Game Overview ::
By papy324 >>
- Dameon Pierce is underpriced for his role
- Nico Collins is underpriced for his role
- Robert Woods has seen 40 targets through five weeks
- Alvin Kamara is the engine of the Saints offense
- Derek Carr looked healthier last week
- The Saints defense runs a complex scheme that could confuse C.J Stroud
How new orleans Will Try To Win ::
The 3-2 Saints come into Week 6 off a dominant 34-0 performance on the road against the Patriots. The 34 points against an injured but still quality defense looks like an offensive explosion, but the Saints defense dominated the game. The Saints defense generated a pick-six and two sacks, but more than anything, they didn’t let the Patriots get first downs. The Pats finished with a puny 156 total yards. The Saints defense isn’t elite at anything but is good at everything. Dennis Allen comes from the defensive side of the ball, and it makes sense that his team would take on a “win on defense” mindset, which is exactly how this team is trying to get it done on Sundays.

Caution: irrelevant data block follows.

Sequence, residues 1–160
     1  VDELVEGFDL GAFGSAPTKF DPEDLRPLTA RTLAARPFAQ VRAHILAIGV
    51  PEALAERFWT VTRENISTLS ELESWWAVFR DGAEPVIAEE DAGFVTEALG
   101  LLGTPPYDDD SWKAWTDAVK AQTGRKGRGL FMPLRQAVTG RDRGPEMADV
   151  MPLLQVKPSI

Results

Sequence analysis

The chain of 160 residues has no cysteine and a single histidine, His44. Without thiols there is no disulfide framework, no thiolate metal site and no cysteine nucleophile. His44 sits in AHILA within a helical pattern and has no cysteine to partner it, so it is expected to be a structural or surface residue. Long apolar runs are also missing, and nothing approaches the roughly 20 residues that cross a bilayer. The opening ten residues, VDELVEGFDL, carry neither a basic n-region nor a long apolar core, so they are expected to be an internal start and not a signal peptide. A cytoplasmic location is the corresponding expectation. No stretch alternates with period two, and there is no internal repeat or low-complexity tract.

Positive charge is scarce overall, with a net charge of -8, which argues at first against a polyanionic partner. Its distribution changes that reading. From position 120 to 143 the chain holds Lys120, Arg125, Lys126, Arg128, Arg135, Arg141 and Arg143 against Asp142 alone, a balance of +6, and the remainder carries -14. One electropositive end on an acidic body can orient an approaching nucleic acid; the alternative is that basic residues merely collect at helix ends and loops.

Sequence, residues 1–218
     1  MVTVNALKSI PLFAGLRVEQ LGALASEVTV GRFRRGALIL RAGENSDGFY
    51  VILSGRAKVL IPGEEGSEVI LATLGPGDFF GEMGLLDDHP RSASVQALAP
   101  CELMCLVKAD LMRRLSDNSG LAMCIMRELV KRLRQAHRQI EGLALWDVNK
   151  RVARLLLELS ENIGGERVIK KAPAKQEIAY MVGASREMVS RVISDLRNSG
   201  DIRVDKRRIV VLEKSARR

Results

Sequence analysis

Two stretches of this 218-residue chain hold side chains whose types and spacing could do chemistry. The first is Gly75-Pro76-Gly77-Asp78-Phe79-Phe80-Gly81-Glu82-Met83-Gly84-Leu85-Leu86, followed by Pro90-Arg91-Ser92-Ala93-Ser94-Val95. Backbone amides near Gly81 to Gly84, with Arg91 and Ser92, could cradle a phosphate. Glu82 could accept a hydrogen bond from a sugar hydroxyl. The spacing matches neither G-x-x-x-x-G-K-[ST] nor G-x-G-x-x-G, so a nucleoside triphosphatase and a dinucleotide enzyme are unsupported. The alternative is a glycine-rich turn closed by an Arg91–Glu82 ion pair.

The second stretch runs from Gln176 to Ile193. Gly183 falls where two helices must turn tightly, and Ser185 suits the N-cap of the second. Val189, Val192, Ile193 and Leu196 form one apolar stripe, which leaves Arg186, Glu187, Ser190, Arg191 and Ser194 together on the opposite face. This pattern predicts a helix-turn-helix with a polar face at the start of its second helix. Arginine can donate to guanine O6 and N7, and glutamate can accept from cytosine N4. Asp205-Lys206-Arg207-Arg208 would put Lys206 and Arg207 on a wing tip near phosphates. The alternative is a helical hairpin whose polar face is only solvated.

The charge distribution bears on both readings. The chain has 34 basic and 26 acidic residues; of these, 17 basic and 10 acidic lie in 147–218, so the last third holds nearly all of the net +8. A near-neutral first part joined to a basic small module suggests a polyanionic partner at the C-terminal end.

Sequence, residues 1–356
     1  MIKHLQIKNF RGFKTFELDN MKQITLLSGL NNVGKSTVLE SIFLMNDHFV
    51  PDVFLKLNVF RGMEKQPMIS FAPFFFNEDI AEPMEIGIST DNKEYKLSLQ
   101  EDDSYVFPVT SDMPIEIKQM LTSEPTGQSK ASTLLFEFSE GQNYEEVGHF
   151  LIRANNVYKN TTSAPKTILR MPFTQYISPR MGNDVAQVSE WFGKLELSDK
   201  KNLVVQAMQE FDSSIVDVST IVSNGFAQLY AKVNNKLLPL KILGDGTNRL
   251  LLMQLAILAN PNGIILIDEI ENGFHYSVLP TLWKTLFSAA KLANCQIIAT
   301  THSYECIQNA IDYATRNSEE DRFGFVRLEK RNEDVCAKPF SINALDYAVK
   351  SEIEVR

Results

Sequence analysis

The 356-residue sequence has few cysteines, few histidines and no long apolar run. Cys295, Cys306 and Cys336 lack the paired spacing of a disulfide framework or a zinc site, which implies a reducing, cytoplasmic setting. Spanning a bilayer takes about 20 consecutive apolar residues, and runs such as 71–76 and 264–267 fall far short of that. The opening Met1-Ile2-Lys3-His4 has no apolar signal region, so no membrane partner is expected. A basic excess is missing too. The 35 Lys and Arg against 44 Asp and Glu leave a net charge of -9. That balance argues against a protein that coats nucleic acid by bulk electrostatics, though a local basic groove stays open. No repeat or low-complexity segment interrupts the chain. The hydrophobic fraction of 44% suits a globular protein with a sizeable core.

The Saints season-long outlook was improved when Derrick Carr, albeit on only 26 attempts, looked much healthier than the previous week. They have played up-tempo, pass-leaning football when everyone is healthy and the game is close. However, they are trying to win on the defensive side of the ball. Their pass attempt totals of 26//39//34//37//33 are interesting compared to the game script. The 26 attempts came in a lopsided win, the 39 attempts came in a lopsided loss, and the moderate attempt totals came in one-score games. The Saints are a game-flow-dependent team willing to pass but would rather throw under 35 times and play good defense. The “run funnel” Texans are one of the most obvious spots to attack on the ground. “Run funnel” is in quotes because after getting trampled on the ground to start the year, the Texans held the vaunted Falcons RBs to 86 yards on 32 carries. A stunning 2.7 YPC. The Saint offensive line has been poor overall (22nd ranked per PFF) but played well last week, highlighted by Erik McCoy’s highest grade among all offensive linemen. Is this a weakness-on-weakness or strength-on-strength matchup? Pete Carmichael Jr. isn’t likely to care. He runs a bland offense that uses play-action and pre-snap motion at some of the lowest rates in the league. He isn’t the type of offensive coordinator to adjust for specific opponents, and it’s reasonable to expect another game of moderately leaning pass rates while hoping the defense can be dominant.